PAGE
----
“We all get dressed for Bill.”
- Anna Wintour
Here’s what I wrote about this one in my theatrical review:
“You may not know the name, but it is highly likely that those with even a passing interest in The New York Times know the pictures. Bill Cunningham writes two columns for the paper, columns he’s been penning for an extremely long portion of his 80-plus years on the planet. They appear in the ‘Style’ section. They are amongst the most read, looked at and talked about pieces in the entire paper.
Personally, I never knew who Bill Cunningham was – is – before watching Richard Press’ marvelously entertaining documentary Bill Cunningham New York. I didn’t know he was the guy who took all of those amazing and perceptive photos for the ‘On the Street’ column. It never occurred to me to look at the by-line as the pictures almost always seem to speak for themselves, but now that I know it’s been the same guy taking them for the past few decades my respect, my awe, almost knows no bounds.
Seriously, for a talking heads doc about a guy riding a Schwinn around the streets of the Big Apple taking pictures of women’s skirt trends and fabulously coifed idiosyncratic personalities this is about as perceptive, and as surprisingly moving, a motion picture as I’ve seen so far this year. The movie has a refreshing allure that goes beyond fashion, beyond journalism, moving from moment to moment and scene to scene with a remarkable precision that is as emotional as it is fascinating.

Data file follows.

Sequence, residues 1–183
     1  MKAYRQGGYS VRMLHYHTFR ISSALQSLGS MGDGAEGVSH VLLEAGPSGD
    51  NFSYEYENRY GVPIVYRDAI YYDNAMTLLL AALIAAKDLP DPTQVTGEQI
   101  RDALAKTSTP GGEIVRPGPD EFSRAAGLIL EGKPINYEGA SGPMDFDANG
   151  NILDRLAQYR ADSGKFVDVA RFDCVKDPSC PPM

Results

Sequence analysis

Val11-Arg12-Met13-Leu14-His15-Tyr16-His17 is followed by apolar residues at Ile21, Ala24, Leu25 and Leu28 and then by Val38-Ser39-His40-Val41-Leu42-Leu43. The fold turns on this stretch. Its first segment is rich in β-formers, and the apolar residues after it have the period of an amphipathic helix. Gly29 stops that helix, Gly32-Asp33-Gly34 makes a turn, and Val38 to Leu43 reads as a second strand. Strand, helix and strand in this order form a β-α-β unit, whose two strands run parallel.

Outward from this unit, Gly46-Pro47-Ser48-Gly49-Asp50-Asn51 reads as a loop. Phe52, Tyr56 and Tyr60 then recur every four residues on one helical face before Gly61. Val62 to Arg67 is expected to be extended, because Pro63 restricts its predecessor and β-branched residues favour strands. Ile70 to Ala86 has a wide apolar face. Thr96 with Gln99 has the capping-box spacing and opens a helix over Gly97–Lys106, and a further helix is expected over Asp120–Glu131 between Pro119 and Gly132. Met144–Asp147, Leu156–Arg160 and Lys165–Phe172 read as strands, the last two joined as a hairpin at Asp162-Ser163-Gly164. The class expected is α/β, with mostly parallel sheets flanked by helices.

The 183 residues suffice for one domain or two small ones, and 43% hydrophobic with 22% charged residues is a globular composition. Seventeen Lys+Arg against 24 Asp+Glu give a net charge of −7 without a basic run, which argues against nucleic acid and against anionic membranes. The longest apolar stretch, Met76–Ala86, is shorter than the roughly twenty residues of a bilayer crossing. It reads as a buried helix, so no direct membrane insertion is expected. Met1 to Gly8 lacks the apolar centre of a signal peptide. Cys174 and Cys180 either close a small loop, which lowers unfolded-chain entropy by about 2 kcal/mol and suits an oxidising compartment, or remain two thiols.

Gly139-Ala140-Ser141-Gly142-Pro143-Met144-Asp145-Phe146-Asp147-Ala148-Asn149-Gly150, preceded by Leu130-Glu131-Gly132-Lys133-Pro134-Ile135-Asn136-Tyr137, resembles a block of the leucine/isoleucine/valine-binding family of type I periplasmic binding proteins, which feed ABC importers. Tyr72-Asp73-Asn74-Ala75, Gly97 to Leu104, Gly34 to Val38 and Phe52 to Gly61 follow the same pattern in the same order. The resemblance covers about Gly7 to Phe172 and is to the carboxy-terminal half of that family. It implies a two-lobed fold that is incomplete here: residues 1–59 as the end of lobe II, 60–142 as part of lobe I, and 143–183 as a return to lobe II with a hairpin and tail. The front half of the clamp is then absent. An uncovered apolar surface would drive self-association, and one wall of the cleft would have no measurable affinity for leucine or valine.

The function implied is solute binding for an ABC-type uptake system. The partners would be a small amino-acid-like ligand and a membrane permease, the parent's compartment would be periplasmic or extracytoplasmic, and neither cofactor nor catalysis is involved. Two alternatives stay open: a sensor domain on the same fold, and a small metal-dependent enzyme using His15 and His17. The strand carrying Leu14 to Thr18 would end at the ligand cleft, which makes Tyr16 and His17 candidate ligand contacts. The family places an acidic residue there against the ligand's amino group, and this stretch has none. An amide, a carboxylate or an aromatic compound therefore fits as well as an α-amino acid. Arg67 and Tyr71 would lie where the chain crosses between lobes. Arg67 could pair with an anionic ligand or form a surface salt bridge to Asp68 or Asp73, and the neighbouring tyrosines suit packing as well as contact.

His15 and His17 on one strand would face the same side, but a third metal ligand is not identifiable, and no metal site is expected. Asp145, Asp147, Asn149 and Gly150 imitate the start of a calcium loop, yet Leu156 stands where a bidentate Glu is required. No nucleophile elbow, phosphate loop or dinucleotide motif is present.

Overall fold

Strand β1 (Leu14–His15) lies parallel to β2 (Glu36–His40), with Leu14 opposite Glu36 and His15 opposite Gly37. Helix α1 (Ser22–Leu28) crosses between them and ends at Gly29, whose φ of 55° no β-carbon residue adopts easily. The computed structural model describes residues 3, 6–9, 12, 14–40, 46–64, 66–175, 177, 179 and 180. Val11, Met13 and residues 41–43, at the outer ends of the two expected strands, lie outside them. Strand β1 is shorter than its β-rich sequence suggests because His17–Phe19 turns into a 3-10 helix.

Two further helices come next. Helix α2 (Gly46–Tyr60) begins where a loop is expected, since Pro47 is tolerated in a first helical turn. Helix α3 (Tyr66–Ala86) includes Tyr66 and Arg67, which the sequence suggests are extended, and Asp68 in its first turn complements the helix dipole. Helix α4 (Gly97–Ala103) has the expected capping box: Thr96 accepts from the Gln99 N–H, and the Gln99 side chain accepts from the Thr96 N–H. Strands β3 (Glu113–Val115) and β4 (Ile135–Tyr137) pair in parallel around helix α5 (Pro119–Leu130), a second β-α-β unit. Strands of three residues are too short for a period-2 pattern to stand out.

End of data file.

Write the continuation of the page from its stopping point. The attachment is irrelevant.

Plenty of people show up to extol the virtues of Cunningham’s work, not the least of which are Vogue editor Anna Wintour (“We all get dressed for Bill,” she says at one point, and by the laser-eyed look she gives to the camera you know she means it), Tom Wolfe, David Rockefeller and Brooke Astor, but they’re almost unnecessary as the photographer has a refreshingly honest way of speaking for himself. He’s open to the point of nakedness, taking every question in jovial stride even ones pertaining to his tumultuous living situation in the legendary Carnegie artist studios.
Well, every question save one, and what happens when it is asked is best left to be discovered without my hinting at either subject matter or response. It is an ethereal moment, transcendent in its brevity and its silence. The thoughts going through Cunningham’s head my not be spoken aloud but all of them can be immediately read, this sterling scene stopping my breath cold the very second it happens.
I loved Bill Cunningham New York. I found it moving, thought-provoking, emotional and very entertaining, and as far as 2011’s docket of documentaries are concerned it immediately jumps to the head of the pack and will undoubtedly be one of the few I’m still waxing poetic about by the time we get to December.”
Bill Cunningham New York holds up splendidly and proves to be incredibly worth watching more than once. It’s awesome, plain and simple, and I’m extremely happy to have it as part of my personal Blu-ray collection.
Bill Cunningham New York is presented on a single-layer 25GB Blu-ray MPEG-4 AVC Video with a 1.78:1 1080p transfer.
This Blu-ray features an English DTS-HD Master Audio 5.1 soundtrack and features optional English SDH subtitles.
Extras here are pretty limited, but the disc does contain over 18 minutes of Deleted Scenes all of which very easily could have been inserted into the film itself. The Original Theatrical Trailer (2:05) is also included.
Bill Cunningham New York is a superb documentary that holds up beautifully on repeat viewings. Zeitgeist Films initial foray into the Blu-ray world is equally strong, the movie getting a fairly solid presentations fans should be more than pleased with.